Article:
Heading into the presidential town hall on Sunday, the American people and the world at large did not know what to expect from the two leading candidates. With polls consistently showing that Democratic presidential nominee Hillary Clinton possessed a substantial lead, would Republican presidential nominee Donald Trump sincerely apologize for his comments on women? Would Clinton use the Access Hollywood tape to deliver a knockout blow? Or would the debate yield a result that no one expected?
The debate showed fragments of all of these themes, but it appeared as if Clinton had the stronger showing. Opening the debate were two questions concerning the tone and tenor of the debate, which were in direct response to the numerous lewd comments Trump made about women and minorities. Clinton basically punted on the first question, choosing instead to talk about her policy and direction of her campaign. Trump was then asked for his thoughts on the video; he offered an apology that most deemed was neither sufficient nor sincere.
Clinton decided against any prolonged discussion of video, using the now famous line from First Lady Michelle Obama at the Democratic National Convention, “When they go low, we go high.”
The debate immediately pivoted to Clinton’s email scandal, and it got personal almost instantaneously. Trump repeatedly interrupted Clinton during her answer, with moderator Anderson Cooper needing to nearly yell over Trump to allow Clinton her time to speak. Trump made what many pundits deem a totalitarian comment when he said he would get a special prosecutor to “lock her up.” Never before has a presidential nominee threatened their opponent.
Unfortunately for Trump, this comment will likely overshadow a strong rebuttal on the subject. Once again, Clinton did not have a sufficient response to the questions surrounding the deletion of 33,000 private emails, and Trump exploited it. He pointed out that for all of Clinton’s governmental experience, she apparently did not know that the lowercase “c” on emails denoted classified status. Trump then repeatedly spoke over Clinton on the issue, in a classic example of mansplaining.
Cooper and fellow moderator Martha Raddatz quickly pivoted to a voter’s question, which was on healthcare. Clinton gave one of her strongest answers of the night where she listed all of the positive benefits Americans have received because of the Affordable Care Act. Trump, using his favorite word to describe the act, “disaster,” repeatedly tore into the law.
The real confrontation between the two candidates would come over taxes. Trump opened the issue by slamming Clinton for being against several tax loopholes for the super rich but for not using her time as a senator to do anything about them. Clinton responded with possibly her best quip of the night by saying, “… presidents have something called veto power” in response to why she had not fixed the tax code. Trump did not like her response to this and retorted by invoking a previous statement by Senator Bernie Sanders where Sanders deemed Clinton to have poor judgment.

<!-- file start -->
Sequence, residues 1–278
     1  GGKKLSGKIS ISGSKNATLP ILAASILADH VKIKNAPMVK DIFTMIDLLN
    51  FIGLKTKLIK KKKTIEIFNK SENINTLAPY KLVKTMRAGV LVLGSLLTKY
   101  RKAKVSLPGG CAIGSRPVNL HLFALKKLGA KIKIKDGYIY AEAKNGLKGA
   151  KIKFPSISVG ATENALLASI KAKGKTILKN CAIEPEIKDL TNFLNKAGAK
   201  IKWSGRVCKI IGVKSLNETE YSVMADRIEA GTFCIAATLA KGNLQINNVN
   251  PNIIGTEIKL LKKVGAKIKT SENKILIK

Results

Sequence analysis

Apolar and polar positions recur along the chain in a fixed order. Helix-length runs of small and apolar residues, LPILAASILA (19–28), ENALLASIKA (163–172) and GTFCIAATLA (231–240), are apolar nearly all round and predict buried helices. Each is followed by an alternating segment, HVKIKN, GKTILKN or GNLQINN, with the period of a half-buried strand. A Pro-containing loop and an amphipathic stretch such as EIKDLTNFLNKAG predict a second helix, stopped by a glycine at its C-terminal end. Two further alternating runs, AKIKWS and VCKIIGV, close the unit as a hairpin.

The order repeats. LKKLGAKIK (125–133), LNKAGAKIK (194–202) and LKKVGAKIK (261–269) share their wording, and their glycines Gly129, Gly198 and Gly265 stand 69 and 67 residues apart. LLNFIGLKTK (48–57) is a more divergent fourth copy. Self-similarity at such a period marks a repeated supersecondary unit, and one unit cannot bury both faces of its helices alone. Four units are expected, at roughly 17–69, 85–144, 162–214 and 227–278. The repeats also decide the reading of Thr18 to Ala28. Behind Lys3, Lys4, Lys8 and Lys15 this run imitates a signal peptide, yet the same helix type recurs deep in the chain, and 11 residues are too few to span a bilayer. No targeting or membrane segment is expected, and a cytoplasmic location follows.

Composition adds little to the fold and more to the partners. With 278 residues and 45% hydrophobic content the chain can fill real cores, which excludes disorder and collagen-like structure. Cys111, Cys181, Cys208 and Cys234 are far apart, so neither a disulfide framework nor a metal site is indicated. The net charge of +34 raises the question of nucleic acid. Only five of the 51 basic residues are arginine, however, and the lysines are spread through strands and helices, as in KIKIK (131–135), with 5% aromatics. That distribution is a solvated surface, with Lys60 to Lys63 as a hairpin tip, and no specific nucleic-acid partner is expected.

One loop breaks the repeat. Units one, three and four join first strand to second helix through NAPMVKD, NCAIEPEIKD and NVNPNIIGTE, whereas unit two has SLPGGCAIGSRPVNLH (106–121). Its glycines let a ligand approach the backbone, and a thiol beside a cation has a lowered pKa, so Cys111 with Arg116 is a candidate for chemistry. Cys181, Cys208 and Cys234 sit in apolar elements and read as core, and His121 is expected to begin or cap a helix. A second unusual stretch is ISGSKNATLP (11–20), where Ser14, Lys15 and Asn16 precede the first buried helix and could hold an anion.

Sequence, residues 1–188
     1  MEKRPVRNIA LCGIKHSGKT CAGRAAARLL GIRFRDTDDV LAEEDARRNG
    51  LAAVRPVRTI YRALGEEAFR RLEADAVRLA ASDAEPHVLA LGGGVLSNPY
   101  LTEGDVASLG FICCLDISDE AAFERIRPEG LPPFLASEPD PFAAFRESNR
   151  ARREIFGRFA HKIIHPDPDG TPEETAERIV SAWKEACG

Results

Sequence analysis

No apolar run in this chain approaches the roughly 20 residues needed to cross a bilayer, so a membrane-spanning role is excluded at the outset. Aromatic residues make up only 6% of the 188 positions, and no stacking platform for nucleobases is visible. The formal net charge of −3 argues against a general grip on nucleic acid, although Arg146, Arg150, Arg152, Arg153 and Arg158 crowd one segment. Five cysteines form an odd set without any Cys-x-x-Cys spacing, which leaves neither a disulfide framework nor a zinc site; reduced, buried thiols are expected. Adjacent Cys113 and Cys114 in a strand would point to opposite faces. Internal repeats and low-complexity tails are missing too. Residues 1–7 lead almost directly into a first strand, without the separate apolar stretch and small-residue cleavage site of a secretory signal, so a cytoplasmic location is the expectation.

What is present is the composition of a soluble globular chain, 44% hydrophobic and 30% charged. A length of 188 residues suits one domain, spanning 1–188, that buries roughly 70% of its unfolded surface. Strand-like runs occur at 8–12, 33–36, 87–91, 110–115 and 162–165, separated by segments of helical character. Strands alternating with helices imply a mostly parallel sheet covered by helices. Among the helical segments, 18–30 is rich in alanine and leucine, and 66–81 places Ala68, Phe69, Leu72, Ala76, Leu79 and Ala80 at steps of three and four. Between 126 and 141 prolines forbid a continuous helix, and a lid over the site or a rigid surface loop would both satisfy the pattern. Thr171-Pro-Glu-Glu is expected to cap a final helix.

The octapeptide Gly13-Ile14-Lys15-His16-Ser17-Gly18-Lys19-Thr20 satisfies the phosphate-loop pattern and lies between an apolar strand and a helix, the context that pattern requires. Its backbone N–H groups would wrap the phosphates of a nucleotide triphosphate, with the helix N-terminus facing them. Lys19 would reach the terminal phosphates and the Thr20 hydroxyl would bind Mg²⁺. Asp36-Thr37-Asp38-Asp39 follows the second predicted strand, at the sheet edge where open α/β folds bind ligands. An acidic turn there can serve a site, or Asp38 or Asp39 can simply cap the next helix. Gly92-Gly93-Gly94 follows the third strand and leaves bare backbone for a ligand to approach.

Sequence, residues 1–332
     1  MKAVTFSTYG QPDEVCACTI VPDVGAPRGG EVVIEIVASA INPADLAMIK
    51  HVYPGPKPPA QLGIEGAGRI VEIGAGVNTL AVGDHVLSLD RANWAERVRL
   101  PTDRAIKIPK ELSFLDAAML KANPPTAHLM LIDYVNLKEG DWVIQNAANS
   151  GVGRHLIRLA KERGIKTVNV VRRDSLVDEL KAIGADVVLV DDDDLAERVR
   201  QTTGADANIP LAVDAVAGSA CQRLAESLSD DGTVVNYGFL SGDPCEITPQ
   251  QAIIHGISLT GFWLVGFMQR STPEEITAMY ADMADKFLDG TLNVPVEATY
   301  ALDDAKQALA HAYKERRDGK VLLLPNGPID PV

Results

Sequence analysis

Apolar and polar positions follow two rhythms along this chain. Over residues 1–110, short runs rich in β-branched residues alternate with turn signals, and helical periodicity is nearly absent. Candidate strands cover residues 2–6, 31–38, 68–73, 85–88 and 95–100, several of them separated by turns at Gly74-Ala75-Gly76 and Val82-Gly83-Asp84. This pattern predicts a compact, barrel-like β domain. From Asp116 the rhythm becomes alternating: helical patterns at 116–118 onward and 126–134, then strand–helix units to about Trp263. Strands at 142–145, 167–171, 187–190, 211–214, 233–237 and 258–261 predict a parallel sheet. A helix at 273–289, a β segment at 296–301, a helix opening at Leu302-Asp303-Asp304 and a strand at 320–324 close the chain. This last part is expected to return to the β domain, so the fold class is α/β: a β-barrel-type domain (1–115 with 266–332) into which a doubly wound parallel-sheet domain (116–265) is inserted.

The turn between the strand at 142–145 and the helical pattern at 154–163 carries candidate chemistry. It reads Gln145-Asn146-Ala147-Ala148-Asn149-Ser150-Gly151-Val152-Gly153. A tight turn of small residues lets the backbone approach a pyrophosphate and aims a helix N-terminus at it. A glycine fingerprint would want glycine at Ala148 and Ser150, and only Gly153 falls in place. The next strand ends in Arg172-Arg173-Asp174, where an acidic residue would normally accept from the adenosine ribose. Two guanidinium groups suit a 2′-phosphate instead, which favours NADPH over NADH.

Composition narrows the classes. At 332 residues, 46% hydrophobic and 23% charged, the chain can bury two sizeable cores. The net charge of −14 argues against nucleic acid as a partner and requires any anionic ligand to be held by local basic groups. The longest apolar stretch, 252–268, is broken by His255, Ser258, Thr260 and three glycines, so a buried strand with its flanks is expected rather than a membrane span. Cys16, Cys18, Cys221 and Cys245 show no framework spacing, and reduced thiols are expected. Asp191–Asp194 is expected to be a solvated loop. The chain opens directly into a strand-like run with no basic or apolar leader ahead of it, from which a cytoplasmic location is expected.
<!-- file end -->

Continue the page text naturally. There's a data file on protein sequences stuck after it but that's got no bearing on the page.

Situated just before and right after the tax question were two opportunities that Trump could have used to broaden his base of support. However, Trump whiffed on both attempts. The first was a question from a Muslim woman who asked Trump about his plans to tackle Islamophobia—he gave an answer that was Islamophobic in nature. On attempt two, a black man asked what the candidates would do to unite the country, and Trump once again stated that America’s inner cities are a “disaster.” These responses, coupled with religious communities recoiling in horror at Trump’s religious entrance tests for immigrants, are turn offs to undecided voters.
The most surprising question of the night by far came directly at the end when a voter asked what the two candidates admire about each other. Clinton stated how capable Trump’s children were, and Trump responded by saying he admired Clinton’s tenacity.
Overall, Trump did very little to stop the internal bleeding that the Access Hollywood tape caused to his campaign. The flood of Republicans abandoning Trump has only increased in the days after the debate, and the internal fighting in the Republican Party has reached unprecedented levels. Trump’s campaign CEO, former Breitbart executive Stephen Bannon, has unbelievably called for the “destruction” of House Speaker Paul Ryan.
Clinton was victorious in this debate, although by a smaller margin than in the first debate, because Trump failed to expand his base of support. While Clinton seemed flat at times during the debate, as long as she can hold onto her current supporters, which she currently is doing, she will be our next president.
Trump’s performance undoubtedly satisfied his alt-right supporters, but he did not provide any reasons why suburban women or independent voters, two groups of support he desperately needs to win, should jump on the Trump bandwagon. If anything, his barely veiled threat to imprison his opponent should he win the election will just make it all that much tougher for Donald Trump to be our next president.
Photo via Wikimedia Commons